Reference : Diagnostic accuracy of the vegetative and minimally conscious state: clinical consens...
Scientific journals : Article
Human health sciences : Neurology
Diagnostic accuracy of the vegetative and minimally conscious state: clinical consensus versus standardized neurobehavioral assessment.
Schnakers, Caroline mailto [Université de Liège - ULiège > Coma group > Centre de recherches du cyclotron > > >]
Vanhaudenhuyse, Audrey mailto [Université de Liège - ULiège > Coma group > Centre de recherches du cyclotron > > >]
Giacino, Joseph [> > > >]
Ventura, Manfredi [> > > >]
Boly, Mélanie mailto [Université de Liège - ULiège > Centre de Recherches du Cyclotron - Coma group -Département des sciences cliniques > Neurologie > > >]
Majerus, Steve [Université de Liège - ULiège > Département des sciences cognitives > Psychopathologie cognitive >]
Moonen, Gustave [Centre Hospitalier Universitaire de Liège - CHU > > Neurologie Sart Tilman >]
Laureys, Steven mailto [Université de Liège - ULiège > Coma group > Centre de recherches du cyclotron - Département des sciences cliniques > > >]
BMC Neurology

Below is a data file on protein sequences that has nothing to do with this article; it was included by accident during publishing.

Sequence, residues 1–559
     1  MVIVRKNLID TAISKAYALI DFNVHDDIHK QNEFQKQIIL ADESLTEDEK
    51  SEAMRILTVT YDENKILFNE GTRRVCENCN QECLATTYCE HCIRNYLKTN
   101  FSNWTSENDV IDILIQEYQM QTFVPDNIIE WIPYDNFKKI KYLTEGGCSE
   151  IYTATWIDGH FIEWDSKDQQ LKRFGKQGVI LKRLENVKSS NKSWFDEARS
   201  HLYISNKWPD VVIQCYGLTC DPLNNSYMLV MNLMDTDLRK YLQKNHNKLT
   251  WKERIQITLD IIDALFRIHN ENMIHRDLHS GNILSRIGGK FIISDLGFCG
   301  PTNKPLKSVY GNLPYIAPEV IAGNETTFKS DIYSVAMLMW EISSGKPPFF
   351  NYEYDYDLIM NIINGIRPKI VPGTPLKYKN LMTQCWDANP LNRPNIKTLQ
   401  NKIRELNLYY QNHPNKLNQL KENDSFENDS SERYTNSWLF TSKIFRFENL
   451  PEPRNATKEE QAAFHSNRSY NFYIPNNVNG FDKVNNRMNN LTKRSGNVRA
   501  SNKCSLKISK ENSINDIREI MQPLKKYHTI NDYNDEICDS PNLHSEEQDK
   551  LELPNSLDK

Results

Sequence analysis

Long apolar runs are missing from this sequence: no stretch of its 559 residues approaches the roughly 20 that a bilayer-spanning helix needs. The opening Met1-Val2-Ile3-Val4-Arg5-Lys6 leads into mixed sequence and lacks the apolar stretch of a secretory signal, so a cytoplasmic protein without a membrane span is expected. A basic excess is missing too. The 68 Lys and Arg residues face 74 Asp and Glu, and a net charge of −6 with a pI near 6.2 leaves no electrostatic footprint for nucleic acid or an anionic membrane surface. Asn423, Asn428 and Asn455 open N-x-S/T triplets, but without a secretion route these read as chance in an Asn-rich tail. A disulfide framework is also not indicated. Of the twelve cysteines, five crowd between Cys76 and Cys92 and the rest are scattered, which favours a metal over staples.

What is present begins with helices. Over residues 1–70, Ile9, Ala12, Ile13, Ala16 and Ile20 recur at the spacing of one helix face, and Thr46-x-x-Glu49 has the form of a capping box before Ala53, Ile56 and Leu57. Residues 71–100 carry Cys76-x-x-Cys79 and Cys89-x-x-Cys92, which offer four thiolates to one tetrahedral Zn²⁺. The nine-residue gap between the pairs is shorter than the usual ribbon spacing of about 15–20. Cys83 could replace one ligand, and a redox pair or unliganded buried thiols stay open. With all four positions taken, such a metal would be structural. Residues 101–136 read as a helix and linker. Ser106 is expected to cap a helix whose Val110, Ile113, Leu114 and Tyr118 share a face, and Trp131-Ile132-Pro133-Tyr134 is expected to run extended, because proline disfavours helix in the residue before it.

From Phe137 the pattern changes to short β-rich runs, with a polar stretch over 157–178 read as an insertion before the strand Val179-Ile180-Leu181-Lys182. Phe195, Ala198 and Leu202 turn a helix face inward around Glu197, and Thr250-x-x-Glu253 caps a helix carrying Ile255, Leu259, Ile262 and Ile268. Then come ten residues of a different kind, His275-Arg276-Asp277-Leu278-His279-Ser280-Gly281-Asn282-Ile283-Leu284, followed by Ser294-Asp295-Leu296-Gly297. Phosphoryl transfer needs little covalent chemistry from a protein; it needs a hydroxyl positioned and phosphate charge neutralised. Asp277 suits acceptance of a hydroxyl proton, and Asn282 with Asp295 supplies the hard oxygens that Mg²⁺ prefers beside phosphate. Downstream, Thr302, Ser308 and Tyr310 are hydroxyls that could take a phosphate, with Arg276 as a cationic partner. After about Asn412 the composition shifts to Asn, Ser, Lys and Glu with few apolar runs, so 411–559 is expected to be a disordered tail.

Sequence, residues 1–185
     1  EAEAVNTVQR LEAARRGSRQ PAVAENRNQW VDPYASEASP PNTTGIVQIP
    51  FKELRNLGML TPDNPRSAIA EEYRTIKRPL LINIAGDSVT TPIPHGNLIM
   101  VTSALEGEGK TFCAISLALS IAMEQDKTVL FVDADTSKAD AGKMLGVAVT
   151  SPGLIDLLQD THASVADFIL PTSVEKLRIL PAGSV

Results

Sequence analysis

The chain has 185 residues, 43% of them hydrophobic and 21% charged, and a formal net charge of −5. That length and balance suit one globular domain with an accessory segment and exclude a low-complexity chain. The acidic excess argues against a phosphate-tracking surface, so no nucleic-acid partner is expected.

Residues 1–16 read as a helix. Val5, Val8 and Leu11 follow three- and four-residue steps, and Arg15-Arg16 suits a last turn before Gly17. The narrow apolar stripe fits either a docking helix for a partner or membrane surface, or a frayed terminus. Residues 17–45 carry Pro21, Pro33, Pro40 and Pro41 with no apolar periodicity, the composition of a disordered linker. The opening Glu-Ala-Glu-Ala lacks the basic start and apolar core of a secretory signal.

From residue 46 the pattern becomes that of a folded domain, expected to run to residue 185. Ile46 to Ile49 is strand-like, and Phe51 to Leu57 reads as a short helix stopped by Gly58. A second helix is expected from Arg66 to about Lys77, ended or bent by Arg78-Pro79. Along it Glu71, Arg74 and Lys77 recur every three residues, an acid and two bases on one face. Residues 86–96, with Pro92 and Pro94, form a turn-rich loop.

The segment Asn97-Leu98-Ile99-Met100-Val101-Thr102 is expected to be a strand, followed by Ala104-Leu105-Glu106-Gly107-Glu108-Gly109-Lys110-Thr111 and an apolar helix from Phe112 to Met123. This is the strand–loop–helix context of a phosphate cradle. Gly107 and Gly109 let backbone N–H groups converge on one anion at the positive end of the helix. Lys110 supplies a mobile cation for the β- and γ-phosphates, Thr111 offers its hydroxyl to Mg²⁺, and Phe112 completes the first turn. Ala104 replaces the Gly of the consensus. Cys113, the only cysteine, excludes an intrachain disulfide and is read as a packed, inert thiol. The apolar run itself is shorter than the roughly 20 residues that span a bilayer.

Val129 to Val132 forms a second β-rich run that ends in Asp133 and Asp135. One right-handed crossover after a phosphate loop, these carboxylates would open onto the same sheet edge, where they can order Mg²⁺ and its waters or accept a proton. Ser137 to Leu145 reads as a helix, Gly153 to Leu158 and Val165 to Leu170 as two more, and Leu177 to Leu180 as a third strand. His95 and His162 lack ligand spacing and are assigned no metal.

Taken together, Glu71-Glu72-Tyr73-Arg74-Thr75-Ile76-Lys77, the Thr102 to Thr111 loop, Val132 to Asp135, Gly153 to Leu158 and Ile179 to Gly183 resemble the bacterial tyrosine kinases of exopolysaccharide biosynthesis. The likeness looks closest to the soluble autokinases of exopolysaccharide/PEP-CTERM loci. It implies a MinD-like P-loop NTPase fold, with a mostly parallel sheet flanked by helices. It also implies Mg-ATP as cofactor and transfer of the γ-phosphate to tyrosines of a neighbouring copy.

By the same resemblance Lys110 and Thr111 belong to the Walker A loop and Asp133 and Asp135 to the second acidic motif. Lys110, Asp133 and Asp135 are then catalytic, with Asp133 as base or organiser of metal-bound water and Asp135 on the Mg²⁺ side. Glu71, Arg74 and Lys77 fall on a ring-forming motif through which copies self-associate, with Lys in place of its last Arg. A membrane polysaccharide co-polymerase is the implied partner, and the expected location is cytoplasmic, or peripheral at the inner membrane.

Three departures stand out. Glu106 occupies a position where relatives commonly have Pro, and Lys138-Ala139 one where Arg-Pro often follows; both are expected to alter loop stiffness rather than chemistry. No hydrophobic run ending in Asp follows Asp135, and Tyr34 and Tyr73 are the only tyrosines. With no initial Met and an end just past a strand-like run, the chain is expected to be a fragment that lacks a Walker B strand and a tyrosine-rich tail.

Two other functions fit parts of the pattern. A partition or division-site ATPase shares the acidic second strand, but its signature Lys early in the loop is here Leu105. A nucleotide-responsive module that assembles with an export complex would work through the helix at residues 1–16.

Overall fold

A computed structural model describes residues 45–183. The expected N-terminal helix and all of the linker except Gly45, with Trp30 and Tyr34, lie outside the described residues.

BioMed Central
Yes (verified by ORBi)
[en] Adult ; Aged ; Aged, 80 and over ; Diagnosis, Differential ; Diagnostic Errors ; Female ; Humans ; Male ; Middle Aged ; Neurologic Examination ; Persistent Vegetative State/diagnosis
[en] BACKGROUND: Previously published studies have reported that up to 43% of patients with disorders of consciousness are erroneously assigned a diagnosis of vegetative state (VS). However, no recent studies have investigated the accuracy of this grave clinical diagnosis. In this study, we compared consensus-based diagnoses of VS and MCS to those based on a well-established standardized neurobehavioral rating scale, the JFK Coma Recovery Scale-Revised (CRS-R). METHODS: We prospectively followed 103 patients (55 +/- 19 years) with mixed etiologies and compared the clinical consensus diagnosis provided by the physician on the basis of the medical staff's daily observations to diagnoses derived from CRS-R assessments performed by research staff. All patients were assigned a diagnosis of 'VS', 'MCS' or 'uncertain diagnosis.' RESULTS: Of the 44 patients diagnosed with VS based on the clinical consensus of the medical team, 18 (41%) were found to be in MCS following standardized assessment with the CRS-R. In the 41 patients with a consensus diagnosis of MCS, 4 (10%) had emerged from MCS, according to the CRS-R. We also found that the majority of patients assigned an uncertain diagnosis by clinical consensus (89%) were in MCS based on CRS-R findings. CONCLUSION: Despite the importance of diagnostic accuracy, the rate of misdiagnosis of VS has not substantially changed in the past 15 years. Standardized neurobehavioral assessment is a more sensitive means of establishing differential diagnosis in patients with disorders of consciousness when compared to diagnoses determined by clinical consensus.
Fonds de la Recherche Scientifique (Communauté française de Belgique) - F.R.S.-FNRS

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